This month the UN is meeting to enact binding global rules on the conduct of business and transnational corporations, writes Sam Cossar-Gilbert, reversing the trend for increasing business empowerment in TTP, TTIP and TISA. The new UN Human Rights Treaty aims to provide justice for the victims of corporate criminality anywhere in the world. more...
Residents of Kh. Basaliyeh putting out fire caused by military’s training. Between Kh. Basaliyeh and Humsah. Photo: ‘Aref Daraghmeh,, B’Tselem, 25 June 2015.

Israel's military exercises ravage Palestine's Jordan Valley

The Ecologist

1st July 2015

Last month Palestinians of the Jordan Valley suffered a punitive regime of military exercises that displaced hundreds of people, set fire to farmland and holed water tanks - all part of Israel's plans to annex the region for Jewish settlements. more...
Officers on anti-burglary patrols in the West Midlands, where dispersal powers have been used following burglaries. Photo: West Midlands Police via Flickr (CC BY-SA).

Freedom of speech, assembly, protest? All are nixed by new police powers

Josie Appleton

26th June 2015

UK police now have free rein to create 'dispersal zones' in public places, writes Josie Appleton. This allows them to exclude people for anything from street drinking to looking suspicious, being homeless, protesting, or merely 'congregating'. This represents a serious breach of our Common Law and Magna Carta rights. more...
Radical Bankers gather in their social centre in an abandoned bank. Photo: The Source Brighton.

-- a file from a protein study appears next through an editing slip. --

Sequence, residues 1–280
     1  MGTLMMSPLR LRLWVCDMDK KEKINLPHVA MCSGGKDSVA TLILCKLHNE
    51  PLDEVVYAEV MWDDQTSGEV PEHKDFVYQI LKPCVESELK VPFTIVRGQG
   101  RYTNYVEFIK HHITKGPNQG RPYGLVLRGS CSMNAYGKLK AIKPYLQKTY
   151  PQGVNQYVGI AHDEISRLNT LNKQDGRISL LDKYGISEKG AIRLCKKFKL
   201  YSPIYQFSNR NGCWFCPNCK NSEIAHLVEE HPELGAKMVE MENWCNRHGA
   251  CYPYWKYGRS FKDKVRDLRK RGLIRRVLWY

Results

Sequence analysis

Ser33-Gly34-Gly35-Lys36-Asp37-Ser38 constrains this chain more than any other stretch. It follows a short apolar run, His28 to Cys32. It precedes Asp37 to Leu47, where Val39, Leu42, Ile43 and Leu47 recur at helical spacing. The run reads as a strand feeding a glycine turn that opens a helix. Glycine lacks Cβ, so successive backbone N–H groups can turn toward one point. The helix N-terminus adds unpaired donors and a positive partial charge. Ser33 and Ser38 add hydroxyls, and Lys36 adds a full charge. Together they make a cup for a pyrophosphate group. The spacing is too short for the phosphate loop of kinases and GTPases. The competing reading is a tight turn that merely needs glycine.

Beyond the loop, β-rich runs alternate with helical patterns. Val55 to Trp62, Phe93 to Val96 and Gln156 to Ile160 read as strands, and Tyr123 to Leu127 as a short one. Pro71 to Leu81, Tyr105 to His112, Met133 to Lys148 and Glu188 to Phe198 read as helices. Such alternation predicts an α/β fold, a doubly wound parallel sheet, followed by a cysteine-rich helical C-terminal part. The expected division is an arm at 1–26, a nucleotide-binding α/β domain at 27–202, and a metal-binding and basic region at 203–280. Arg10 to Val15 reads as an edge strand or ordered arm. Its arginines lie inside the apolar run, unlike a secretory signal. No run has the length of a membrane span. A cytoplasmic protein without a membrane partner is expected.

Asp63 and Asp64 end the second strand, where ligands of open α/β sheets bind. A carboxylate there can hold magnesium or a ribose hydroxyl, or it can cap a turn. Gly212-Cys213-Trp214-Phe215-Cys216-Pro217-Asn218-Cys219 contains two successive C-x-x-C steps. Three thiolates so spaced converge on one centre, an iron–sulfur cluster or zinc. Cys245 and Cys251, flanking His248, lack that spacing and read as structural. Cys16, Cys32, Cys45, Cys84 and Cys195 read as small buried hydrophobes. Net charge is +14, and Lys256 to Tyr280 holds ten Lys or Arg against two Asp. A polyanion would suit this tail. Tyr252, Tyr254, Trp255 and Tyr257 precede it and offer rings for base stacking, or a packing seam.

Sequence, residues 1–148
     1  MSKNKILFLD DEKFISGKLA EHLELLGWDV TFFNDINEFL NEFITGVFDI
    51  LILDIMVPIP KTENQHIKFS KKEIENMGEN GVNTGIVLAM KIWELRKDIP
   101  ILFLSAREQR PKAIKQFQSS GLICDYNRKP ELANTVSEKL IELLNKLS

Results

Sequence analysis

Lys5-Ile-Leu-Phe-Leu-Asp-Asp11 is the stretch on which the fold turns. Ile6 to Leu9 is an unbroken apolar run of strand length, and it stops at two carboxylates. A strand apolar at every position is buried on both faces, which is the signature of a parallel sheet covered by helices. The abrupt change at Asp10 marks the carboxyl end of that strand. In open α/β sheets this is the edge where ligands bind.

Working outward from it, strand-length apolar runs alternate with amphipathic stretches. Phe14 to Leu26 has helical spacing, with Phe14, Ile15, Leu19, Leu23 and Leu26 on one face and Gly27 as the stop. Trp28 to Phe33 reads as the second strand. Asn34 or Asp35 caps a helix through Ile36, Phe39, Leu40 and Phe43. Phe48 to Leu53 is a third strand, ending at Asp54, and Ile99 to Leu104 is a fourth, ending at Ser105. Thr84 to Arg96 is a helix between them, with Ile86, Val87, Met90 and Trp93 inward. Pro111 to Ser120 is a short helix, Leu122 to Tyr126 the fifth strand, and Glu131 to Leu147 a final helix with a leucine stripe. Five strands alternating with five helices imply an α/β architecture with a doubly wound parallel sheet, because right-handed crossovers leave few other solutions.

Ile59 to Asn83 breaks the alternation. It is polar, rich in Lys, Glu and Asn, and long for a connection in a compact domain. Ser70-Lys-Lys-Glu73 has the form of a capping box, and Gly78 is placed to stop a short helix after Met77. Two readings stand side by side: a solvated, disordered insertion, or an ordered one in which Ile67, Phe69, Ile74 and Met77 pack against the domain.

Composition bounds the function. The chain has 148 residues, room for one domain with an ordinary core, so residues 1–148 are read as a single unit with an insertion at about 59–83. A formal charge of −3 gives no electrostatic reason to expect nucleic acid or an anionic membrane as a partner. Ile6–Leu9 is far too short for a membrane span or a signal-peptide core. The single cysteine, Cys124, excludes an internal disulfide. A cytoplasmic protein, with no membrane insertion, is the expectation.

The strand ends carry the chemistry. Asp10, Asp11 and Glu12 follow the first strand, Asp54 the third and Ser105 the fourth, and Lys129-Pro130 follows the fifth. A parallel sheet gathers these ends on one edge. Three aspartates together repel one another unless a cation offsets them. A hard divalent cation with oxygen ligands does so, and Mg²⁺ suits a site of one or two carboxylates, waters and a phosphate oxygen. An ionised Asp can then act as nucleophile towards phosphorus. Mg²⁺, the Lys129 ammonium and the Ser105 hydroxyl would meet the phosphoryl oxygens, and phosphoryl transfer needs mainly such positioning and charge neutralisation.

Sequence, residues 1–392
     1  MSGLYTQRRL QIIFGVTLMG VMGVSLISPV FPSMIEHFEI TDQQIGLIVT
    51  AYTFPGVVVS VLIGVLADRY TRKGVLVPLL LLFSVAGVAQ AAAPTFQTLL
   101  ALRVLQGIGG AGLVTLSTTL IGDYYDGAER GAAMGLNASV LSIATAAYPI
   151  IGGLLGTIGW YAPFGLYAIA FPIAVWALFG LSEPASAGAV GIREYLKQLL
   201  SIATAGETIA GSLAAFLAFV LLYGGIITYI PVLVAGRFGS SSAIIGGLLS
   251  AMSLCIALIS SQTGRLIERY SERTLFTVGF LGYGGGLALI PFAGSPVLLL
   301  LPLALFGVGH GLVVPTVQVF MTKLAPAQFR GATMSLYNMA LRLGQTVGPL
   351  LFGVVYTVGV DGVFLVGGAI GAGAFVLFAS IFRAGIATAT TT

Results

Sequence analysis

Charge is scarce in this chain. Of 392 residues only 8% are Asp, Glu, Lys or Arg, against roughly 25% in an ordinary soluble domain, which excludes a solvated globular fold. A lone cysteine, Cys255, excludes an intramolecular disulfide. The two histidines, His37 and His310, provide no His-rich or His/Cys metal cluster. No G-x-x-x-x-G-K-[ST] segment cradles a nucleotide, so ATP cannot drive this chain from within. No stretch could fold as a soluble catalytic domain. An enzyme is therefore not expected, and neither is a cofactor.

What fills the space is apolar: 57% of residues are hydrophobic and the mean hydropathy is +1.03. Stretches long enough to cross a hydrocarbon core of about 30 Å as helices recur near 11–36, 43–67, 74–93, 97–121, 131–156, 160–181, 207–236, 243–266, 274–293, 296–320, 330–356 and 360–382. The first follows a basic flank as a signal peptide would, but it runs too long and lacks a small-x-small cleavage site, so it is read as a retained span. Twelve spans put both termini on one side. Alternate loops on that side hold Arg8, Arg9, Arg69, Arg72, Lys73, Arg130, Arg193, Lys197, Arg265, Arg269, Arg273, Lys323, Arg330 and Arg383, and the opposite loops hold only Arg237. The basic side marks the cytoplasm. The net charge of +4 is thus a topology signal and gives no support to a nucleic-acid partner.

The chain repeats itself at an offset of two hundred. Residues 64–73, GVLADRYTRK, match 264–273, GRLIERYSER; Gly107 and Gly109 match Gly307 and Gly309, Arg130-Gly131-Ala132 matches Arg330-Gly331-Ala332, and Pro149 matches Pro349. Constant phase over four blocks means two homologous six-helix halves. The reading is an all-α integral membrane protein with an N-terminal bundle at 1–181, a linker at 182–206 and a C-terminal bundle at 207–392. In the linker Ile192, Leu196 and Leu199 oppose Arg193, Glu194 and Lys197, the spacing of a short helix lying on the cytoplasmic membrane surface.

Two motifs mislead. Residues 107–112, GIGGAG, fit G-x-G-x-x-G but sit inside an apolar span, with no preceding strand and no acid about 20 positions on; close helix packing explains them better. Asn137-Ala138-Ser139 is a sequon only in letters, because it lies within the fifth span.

Anti-austerity movement revives radical urban squatting

Almudena Serpis

24th June 2015

Long a feature of British urban life, domestic squatting has now been criminalised, writes Almudena Serpis. But suddenly two social centres have come to life in a squatted bank in Brighton, and a long abandoned pub in London, reviving the rebellious spirit of the squatting movement, and promulgating a radical anti-austerity message that evokes the struggles in Greece, Spain and beyond. more...
The JNF-sponsored Yatir Forest advances over a hill towards the Bedouin village of Atir. Photo: Amjad Iraqi / 972 Mag.

Israel's Forest of Yatir to expand over Bedouin village

Amjad Iraqi / 972 Mag & The Ecologist

23rd June 2014

It should be good news, but it's not. Israel's largest man-made forest is set for enlargement, but at the expense of a village where a Bedouin community has lived since they were resettled there in 1956. Its sister village is to be demolished so a new Jewish town can be built on its ruins. more...